From the record, it appears that counsel made most of their arguments and the court reached its decisions off the record, in chambers. The court then announced its decisions on the record, in open court.

On appeal, the wife first attacks the striking of her second amended petition as an abuse of discretion. On August 13, 1986, in response to the wife's first amended petition, the mother-in-law filed, among other pleadings, a motion to make more definite and certain. On May 26, 1987, the trial court granted this motion and granted the wife until June 12, 1987 to file her second amended petition. The wife filed this petition four days late. Given the long procedural history of this case and the wife's insistence that the court strictly enforce her procedural rights against the husband, the trial court was well within its discretion in striking the wife's second amended petition at the husband's request. See e.g., Cento v. Cento, 703 S.W.2d 595, 596[2] (Mo.App. 1986).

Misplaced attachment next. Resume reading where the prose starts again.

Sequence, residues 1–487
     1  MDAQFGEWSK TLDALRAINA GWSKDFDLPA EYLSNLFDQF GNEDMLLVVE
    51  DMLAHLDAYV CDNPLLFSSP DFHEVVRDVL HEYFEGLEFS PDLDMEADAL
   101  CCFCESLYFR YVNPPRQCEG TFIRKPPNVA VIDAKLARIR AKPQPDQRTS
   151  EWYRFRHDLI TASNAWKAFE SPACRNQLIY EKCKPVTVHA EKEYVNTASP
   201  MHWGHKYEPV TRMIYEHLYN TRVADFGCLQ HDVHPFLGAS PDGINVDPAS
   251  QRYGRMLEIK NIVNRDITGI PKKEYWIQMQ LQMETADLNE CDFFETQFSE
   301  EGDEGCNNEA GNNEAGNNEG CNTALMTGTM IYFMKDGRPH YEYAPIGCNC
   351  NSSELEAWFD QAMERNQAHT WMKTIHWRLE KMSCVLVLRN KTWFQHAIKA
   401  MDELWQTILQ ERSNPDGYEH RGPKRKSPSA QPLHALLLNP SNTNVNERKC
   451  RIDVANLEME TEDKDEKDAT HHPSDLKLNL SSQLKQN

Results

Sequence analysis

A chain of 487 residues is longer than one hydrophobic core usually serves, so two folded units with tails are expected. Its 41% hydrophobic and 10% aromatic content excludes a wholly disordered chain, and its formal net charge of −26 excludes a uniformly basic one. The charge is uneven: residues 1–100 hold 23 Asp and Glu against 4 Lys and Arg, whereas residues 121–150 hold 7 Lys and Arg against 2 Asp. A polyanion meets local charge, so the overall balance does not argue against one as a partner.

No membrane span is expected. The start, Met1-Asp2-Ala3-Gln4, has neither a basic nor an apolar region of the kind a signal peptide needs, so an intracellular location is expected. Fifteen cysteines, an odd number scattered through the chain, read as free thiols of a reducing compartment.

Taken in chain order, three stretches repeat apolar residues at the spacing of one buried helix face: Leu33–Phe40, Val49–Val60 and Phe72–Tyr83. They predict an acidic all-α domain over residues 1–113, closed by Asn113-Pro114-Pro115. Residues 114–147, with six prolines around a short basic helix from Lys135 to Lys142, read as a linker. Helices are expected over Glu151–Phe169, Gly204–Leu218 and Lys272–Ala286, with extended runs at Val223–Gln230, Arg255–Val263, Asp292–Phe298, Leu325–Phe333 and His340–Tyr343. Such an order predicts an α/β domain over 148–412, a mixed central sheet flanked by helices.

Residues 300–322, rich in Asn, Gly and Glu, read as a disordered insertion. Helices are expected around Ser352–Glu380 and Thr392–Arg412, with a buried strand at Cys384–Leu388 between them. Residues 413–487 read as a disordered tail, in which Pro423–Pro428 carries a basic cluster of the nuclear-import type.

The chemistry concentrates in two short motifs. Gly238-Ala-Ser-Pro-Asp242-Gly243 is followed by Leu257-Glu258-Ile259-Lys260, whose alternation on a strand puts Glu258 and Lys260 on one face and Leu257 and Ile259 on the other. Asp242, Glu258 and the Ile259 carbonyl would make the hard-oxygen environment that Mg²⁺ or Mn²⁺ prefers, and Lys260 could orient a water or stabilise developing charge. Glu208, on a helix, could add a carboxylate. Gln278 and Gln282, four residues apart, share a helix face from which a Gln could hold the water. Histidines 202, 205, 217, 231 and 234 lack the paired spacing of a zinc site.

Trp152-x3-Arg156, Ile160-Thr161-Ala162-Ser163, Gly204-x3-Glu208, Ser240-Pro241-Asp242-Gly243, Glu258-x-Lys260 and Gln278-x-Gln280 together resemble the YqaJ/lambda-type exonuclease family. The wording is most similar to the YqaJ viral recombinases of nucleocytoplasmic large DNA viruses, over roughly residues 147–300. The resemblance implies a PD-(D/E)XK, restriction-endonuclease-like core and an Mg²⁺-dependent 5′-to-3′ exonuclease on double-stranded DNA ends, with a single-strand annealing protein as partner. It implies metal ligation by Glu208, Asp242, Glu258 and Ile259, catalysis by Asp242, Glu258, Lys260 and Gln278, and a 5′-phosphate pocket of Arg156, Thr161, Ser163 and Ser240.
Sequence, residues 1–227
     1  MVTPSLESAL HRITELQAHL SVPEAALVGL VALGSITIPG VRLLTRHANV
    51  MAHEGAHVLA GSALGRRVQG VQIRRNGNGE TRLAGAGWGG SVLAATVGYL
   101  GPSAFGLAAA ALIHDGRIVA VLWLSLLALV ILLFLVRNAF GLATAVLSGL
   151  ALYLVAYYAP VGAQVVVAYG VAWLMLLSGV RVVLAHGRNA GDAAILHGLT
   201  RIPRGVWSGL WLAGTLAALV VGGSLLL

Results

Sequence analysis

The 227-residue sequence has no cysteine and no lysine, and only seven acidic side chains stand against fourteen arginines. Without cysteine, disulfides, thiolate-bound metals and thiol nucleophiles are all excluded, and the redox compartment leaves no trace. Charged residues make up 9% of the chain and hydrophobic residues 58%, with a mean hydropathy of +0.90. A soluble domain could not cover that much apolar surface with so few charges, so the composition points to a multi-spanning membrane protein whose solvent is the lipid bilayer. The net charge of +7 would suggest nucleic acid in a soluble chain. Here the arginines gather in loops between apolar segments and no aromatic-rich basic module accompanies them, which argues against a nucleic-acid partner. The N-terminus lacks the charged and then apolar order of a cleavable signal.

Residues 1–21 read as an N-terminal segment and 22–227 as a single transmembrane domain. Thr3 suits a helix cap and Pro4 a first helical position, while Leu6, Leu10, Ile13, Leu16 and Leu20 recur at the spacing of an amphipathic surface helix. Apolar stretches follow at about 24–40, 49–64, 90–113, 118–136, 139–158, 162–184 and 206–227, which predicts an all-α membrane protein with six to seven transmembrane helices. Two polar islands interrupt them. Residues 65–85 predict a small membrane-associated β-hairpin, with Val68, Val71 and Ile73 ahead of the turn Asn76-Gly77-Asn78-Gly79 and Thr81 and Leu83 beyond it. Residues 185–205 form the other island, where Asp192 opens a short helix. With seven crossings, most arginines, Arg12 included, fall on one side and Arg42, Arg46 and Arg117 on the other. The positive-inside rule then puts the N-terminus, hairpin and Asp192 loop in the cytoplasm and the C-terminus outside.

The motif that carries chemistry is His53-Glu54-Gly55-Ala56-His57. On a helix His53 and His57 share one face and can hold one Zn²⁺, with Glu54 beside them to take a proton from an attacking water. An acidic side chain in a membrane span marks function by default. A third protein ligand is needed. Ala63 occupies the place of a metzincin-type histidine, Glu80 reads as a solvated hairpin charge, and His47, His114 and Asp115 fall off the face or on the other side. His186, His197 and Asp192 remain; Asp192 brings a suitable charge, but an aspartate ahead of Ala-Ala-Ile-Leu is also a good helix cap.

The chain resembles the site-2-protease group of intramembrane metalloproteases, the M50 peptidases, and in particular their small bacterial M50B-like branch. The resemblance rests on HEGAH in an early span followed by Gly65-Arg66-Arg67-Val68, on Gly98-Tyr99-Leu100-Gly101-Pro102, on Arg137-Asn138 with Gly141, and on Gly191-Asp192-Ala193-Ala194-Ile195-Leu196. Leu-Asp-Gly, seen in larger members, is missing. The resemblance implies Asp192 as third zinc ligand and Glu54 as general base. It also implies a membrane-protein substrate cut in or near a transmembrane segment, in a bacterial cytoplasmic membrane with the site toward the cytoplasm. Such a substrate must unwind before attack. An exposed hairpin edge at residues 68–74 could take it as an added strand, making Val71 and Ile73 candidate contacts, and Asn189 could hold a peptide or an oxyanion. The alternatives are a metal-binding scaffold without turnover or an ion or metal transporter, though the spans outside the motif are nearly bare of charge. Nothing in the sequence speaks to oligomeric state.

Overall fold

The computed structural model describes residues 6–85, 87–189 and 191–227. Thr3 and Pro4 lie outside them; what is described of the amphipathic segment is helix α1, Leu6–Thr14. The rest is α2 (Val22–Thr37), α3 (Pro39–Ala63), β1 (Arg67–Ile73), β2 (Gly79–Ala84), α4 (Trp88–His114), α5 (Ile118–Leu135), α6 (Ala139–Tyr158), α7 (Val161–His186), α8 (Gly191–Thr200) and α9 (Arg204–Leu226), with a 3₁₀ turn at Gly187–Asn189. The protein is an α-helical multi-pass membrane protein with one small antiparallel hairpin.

The wife's second amended petition was not verified. However, we do not address the issue of lack of verification. See Drury Displays, Inc. v. The Board of Adjustment of the City of St. Louis, 760 S.W.2d 112 (Mo. banc 1988).

The wife also attacks the court's grant of the mother-in-law's motion for summary judgment. The wife contends that she properly raised genuine issues of material fact which made the grant of summary judgment improper. We agree.